News & Politics


Sixteen-year-old Casey, a high school junior living in New York, has amassed more than 50,000 new Instagram followers since the start of this year. On his account, @FuriousPatriot, he churns out memes that lionize President Donald Trump and ridicule Democrats and the mainstream media. One is a manipulated image of the Democratic nominee, former Vice President Joe Biden, asleep on a lectern; another is a GIF that calls Biden’s running mate, Sen. Kamala Harris (D-Calif.), a “hoe” and simulates her performing oral sex. A third falsely accuses CNN of altering a photo to make a gunman’s skin appear lighter.

Amid the sea of memes, a new post stands out. It’s a paid promotion for a clothing brand’s fitted T-shirts, featuring an illustration of Trump dominating Biden in a wrestling match. This kind of ad, known as “sponcon,” is common on Instagram — influencers regularly score endorsement deals and earn a commission from their followers’ purchases.

Casey doesn’t consider himself to be an influencer, and he certainly doesn’t fit the stereotype. Instagram starlets, who can earn salaries of up to six figures on the platform, are often conventionally attractive young women who grow their audiences with glamorous photos of themselves — lounging by the pool, luxury traveling, modeling lingerie — while profiting off the attention by shilling for brands.

But in recent years, the influencer marketing business model has given rise to a starkly different crop of entrepreneurial content creators — one led by young men and teenage boys like Casey. In lieu of selfies, they’ve found another niche that, with the help of Instagram’s powerful recommendation algorithm, has also proven highly effective at attracting followers (and brand deals) en masse: MAGA memes.

Casey is part of a sprawling network of ad-hungry memers reaching millions of followers. They chase growth at all costs by sharing a torrent of right-wing clickbait — often including content that crosses the line from snarky political satire to hyperpartisan misinformation and bigotry. Though they decry the “fake news” media, many accounts circulate falsehoods and conspiracy theories with roots in the far-right QAnon movement. And throughout the coronavirus pandemic, they have downplayed the crisis, demonizing public health officials and railing against face masks. They also pander to their base by demeaning prominent female Democrats — especially those of color — in crude and sexist ways.


This effort to capitalize on America’s fractured political climate, and Instagram’s amplification of inflammatory content, is working remarkably well. As Election Day looms, MAGA meme moguls are enjoying explosive surges in traffic, even earning “likes” and reposts or follows from Trump’s confidantes ― including his sons Donald Trump Jr. and Eric Trump. Their thriving cottage industry serves as a free propaganda operation for the president’s campaign, and highlights the role that social media platforms play in fueling political polarization by incentivizing the spread of hyperpartisan agitprop.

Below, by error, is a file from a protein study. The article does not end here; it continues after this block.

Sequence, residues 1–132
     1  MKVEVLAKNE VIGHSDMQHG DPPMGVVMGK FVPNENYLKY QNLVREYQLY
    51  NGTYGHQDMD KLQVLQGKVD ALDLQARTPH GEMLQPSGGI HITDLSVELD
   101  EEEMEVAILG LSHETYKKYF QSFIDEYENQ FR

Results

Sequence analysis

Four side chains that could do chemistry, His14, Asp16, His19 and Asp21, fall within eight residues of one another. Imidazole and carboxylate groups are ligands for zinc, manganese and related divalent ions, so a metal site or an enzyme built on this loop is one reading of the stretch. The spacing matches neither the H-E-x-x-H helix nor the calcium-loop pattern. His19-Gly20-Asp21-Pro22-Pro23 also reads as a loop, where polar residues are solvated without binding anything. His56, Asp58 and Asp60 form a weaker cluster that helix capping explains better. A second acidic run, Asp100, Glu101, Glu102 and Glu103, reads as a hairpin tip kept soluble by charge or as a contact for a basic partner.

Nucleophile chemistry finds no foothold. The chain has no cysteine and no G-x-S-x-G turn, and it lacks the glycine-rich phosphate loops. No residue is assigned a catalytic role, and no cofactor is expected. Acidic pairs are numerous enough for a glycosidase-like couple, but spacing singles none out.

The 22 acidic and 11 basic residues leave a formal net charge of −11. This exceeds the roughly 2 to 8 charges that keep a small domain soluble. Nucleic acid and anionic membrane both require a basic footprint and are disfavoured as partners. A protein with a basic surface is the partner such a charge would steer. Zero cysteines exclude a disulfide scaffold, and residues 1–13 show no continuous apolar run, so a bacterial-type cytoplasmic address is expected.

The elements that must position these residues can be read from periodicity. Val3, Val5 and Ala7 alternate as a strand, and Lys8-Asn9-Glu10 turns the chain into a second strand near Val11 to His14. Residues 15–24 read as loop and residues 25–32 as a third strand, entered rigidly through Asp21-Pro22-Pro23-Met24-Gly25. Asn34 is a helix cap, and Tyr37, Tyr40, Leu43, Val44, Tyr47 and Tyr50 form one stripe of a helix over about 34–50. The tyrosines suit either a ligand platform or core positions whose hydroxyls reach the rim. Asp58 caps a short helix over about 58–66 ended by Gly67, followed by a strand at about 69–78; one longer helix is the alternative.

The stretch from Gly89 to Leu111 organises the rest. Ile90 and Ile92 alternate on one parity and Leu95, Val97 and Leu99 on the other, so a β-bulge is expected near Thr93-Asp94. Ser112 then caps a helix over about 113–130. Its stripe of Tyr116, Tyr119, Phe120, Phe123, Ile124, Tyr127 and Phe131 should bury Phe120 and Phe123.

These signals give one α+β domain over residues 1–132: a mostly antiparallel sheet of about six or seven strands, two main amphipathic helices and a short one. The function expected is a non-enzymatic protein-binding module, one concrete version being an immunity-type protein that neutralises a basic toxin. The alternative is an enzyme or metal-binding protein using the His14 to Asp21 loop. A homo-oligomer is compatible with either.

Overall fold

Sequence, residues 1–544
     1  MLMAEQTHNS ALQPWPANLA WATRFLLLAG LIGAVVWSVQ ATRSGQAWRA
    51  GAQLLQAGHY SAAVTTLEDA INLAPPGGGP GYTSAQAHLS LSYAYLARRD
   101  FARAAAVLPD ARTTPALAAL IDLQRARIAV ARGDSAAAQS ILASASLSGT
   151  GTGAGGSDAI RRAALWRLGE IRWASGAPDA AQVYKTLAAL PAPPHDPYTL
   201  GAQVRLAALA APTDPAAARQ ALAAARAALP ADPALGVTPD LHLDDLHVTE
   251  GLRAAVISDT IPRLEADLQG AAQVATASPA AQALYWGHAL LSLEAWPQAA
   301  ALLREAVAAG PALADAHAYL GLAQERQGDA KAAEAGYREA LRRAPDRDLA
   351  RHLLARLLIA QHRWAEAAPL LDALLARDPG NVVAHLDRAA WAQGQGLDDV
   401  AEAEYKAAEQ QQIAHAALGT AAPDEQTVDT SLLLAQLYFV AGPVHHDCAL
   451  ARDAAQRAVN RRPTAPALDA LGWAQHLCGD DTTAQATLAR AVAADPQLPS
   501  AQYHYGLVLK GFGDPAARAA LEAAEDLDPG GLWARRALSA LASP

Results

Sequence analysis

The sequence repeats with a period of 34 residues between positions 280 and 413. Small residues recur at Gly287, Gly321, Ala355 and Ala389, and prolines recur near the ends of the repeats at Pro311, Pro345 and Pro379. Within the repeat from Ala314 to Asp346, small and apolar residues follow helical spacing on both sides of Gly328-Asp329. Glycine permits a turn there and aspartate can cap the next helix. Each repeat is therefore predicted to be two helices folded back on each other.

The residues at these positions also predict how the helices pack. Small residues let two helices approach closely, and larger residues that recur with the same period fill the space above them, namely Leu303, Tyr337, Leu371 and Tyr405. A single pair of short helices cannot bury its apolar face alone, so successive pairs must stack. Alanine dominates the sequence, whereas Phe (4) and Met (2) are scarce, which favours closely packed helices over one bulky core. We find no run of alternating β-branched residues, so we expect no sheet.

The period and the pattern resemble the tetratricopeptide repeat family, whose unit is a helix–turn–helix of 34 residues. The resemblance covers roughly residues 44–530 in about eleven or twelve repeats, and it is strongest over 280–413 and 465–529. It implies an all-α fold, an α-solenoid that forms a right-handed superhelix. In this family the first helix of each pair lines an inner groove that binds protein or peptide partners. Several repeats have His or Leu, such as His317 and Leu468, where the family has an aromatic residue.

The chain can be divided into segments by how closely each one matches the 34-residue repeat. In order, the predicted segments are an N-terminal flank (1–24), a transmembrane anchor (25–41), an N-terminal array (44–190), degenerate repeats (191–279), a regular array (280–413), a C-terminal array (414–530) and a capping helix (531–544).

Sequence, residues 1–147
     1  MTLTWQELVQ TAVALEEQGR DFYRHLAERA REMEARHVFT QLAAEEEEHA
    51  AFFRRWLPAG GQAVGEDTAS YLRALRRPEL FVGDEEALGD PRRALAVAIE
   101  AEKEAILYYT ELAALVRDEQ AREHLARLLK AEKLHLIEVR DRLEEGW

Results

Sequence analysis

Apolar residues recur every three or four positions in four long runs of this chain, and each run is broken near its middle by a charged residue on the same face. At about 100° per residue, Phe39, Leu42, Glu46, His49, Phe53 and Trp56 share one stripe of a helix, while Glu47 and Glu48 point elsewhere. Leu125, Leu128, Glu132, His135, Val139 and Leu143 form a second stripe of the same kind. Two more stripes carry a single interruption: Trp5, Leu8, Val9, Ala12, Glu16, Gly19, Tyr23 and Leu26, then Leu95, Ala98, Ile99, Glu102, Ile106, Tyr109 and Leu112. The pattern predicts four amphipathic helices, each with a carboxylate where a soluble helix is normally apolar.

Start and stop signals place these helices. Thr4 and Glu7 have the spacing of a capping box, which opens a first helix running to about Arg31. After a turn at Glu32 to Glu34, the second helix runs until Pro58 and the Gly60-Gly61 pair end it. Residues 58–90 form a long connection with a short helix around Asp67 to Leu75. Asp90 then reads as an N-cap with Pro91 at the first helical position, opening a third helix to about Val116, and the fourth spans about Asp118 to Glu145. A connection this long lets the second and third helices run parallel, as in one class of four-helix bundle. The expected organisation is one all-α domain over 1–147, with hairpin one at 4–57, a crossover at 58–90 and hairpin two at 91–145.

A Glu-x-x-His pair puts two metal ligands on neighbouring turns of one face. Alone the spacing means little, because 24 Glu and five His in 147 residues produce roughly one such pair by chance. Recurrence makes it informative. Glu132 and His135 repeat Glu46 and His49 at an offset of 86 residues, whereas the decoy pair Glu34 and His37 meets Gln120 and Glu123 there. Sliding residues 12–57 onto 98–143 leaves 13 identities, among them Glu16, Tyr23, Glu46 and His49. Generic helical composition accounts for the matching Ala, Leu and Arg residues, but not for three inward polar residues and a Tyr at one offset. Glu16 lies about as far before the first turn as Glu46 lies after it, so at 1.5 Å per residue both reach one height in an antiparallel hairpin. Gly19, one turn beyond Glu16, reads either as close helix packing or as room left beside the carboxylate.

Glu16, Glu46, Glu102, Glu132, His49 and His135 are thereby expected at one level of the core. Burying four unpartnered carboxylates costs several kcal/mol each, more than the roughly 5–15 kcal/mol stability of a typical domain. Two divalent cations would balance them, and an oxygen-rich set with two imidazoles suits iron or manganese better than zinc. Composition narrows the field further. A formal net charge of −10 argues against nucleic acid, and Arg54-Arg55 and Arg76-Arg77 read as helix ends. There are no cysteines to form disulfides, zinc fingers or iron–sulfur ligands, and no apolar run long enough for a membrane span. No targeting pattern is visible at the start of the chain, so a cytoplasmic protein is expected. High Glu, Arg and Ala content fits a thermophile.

“Instagram is a gold mine,” Casey told HuffPost. “And it’s only getting better.”

Inside Teens’ Lucrative MAGA Meme Factory
There are hundreds of sponcon-soliciting MAGA meme accounts, ranging in size from a few thousand followers to well over 1 million. Many are fan pages for Trump and members of his inner circle, such as Donald Trump Jr., White House press secretary Kayleigh McEnany and Rep. Dan Crenshaw (R-Texas). Some are dedicated to trashing Biden, House Speaker Nancy Pelosi (D-Calif.), Senate Minority Leader Chuck Schumer (D-N.Y.) and other top Democrats. But the majority purport to be partisan news and satire pages, like Casey’s. Certain terms and themes frequently appear in the usernames of such accounts; there are umpteen variations on “patriot,” “libtard,” “deplorable” and “snowflake.”

The teen MAGA memer subculture contains both true believers and opportunists ― and, sometimes, both. A staunch Republican, Casey started his account as a fun way to post about his political views, and never expected to have much of an audience. But he soon realized it could become much more.

“I saw other conservative meme pages posting ads, and I thought, ‘If I actually grow this account really big, I can do that to earn money on the side,’” the 10th grader, who also works part-time at a restaurant, told HuffPost over the phone.

“This is just a side hustle that I have. But I realized it has big potential.”

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